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Capturing Emotion
With the actors working tirelessly to incorporate all these physical, linguistic, and emotional nuances that were central to their characters and to Cameron's vision, the filmmaker was determined to capture it all in the actors' computer generated incarnations Worthington and the other actors found it liberating to be working on the bare stage known as the Volume, while wearing special performance capture suits and headgear. "We embraced the performance capture and had a lot of fun with it,” says Worthington. "Even though Jake's avatar is ten feet tall and blue, it has my personality and soul. It's spectacular that Jim can do that.

"Performance capture is incredibly freeing,” Worthington continues. "You can't hide, so every take has to be truthful. At first it's a little nerve-wracking, but you forget you're wearing headgear and a few hundred dots on your face.”

"You wonder if you'll have the mental capacity to look at the gray, stark [performance capture] stage, and see a humongous snake or a lush forest,” adds Laz Alonso. "I mean, the Volume is as drab as you can get. But thanks to Jim's direction, performance capture and the virtual camera, something great starts happening – you really start to see these animals and this incredible environment. You get so deep into this world that you start seeing, smelling, hearing, and feeling Pandora.”

Joel David Moore says the way the Volume sparked the imagination reminded him of a back-to-basics approach to acting. "Working on the performance capture stage takes you back to the old theater days,” he explains. "All you'd have [on the theater stage] is a wall, a table, and some chairs. You had to imagine everything else.”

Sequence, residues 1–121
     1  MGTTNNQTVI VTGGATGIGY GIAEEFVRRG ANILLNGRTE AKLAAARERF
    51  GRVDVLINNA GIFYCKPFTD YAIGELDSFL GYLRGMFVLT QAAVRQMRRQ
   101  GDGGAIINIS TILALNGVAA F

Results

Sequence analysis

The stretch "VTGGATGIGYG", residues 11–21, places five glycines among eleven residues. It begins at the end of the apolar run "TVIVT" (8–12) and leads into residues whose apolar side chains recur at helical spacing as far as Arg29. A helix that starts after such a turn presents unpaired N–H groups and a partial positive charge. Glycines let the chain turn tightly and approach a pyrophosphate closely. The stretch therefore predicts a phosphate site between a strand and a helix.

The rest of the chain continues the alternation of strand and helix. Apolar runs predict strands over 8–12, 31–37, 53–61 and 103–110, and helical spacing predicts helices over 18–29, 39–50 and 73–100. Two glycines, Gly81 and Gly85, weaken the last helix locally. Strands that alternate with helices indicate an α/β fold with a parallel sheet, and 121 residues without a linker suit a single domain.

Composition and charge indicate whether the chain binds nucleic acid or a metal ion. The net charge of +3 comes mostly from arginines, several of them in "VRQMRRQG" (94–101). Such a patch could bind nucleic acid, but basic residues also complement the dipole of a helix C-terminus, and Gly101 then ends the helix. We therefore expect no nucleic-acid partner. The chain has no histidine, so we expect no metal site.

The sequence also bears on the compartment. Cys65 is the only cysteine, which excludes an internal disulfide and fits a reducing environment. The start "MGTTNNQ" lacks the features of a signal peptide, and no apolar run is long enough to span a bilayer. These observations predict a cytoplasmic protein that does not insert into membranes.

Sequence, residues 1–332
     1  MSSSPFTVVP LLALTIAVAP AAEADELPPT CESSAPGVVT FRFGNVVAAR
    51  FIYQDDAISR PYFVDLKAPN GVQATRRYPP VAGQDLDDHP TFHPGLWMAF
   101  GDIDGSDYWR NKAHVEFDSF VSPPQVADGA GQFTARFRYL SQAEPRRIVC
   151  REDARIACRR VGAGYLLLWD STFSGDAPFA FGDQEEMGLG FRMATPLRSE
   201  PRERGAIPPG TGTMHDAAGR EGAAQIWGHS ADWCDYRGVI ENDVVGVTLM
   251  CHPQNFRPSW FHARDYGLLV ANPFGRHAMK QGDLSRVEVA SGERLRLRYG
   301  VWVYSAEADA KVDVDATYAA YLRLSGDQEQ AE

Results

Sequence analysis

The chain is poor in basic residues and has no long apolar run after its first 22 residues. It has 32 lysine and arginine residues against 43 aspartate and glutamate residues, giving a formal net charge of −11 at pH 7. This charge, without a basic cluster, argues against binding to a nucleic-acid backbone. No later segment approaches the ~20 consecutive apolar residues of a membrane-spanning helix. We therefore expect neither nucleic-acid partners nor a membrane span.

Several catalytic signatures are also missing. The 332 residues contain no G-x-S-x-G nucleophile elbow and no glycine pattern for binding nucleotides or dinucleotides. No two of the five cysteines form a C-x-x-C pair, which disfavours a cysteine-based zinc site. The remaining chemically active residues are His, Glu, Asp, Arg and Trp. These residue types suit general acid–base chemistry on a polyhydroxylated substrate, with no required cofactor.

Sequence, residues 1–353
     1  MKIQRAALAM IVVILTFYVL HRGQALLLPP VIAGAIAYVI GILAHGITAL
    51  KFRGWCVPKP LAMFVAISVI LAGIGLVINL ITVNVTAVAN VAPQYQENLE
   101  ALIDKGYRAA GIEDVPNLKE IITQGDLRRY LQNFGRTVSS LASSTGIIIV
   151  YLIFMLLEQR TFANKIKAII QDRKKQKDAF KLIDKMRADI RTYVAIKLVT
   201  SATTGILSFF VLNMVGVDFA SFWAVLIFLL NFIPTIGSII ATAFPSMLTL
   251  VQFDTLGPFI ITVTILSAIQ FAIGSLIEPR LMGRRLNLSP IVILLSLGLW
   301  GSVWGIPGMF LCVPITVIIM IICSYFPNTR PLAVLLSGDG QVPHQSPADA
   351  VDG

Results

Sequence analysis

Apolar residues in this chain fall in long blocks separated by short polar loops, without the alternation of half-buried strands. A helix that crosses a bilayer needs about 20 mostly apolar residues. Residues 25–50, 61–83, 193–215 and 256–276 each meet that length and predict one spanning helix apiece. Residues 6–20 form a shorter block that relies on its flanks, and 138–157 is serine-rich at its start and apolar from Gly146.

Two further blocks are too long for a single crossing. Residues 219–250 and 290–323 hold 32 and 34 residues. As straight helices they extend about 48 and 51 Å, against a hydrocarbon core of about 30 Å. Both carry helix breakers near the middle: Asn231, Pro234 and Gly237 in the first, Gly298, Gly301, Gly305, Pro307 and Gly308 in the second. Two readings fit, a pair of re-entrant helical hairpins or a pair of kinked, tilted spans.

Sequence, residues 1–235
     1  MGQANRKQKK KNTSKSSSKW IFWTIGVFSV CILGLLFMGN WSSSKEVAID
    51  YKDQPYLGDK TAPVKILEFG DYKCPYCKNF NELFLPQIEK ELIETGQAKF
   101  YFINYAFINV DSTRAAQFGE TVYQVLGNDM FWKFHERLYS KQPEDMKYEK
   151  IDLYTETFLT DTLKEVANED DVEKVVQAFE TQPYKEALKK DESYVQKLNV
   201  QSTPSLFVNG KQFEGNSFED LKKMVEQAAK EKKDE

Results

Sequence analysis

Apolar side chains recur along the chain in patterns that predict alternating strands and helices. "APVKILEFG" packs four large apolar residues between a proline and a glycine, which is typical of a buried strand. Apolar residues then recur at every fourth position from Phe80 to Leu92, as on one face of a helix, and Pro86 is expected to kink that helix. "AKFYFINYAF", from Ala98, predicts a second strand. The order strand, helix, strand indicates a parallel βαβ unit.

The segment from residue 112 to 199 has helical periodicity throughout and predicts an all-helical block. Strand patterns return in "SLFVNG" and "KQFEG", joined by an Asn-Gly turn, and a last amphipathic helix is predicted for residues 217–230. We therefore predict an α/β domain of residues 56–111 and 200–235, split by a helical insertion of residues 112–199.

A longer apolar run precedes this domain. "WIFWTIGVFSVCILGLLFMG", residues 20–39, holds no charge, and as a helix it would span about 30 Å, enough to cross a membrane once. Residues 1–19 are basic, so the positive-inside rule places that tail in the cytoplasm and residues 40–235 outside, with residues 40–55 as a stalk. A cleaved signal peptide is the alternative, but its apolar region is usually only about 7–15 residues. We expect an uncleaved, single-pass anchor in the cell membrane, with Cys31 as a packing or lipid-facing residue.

Another revolutionary advance was the virtual camera, which not only made the CG work director-centric and performance-centric, it created a new production paradigm that gave Cameron the unprecedented ability to actually see an actor's CG character – and the CG environments – in camera, as he worked with the actors in the Volume. "The virtual camera allowed Jim to direct actors in an immediacy never before possible. At the same time, actors get a much better feel for their CG character because they get to see the CG scene and environments almost immediately, instead of having to wait months– for the effects house to deliver the shots,” explains Landau. The in-camera CG imagery had only the resolution of a video game; but after Cameron completed filming and editing a specific sequence, WETA would then work on it for months to create the final, high-resolution photographic images. In effect, each shot was created twice; once with Cameron in the Volume, and again after WETA completed its months-long work finishing the shot.

The virtual camera, which resembles a videogame controller with a video monitor attached, is not really a camera at all because it doesn't even have a lens; instead, it emulates a camera as it is "fed” the CG images by a bank of state-of-the-art computers surrounding the Volume. A small screen on the device displays the CG image fed to it by these computers.

This allowed Cameron to shoot the action from any angle or approach, giving him unprecedented spontaneity, flexibility and options on the virtual production stage. "For example, Jim could tell us to create a five-to-one scale in vertical,” says WETA's Stephen Rosenbaum. "And when he moves the camera, instead of moving it three feet, it's a 15-foot crane move, in real time. In effect, Jim could turn the camera crew into a team of 10-foot-tall Na'vi.”

"Long after the actors had gone home, I would still be in the Volume with the virtual camera, shooting coverage on the scene,” says Cameron. "Just by playing back the take, I can get the scene from different angles. We can re-light it. We can do all sorts of things.”

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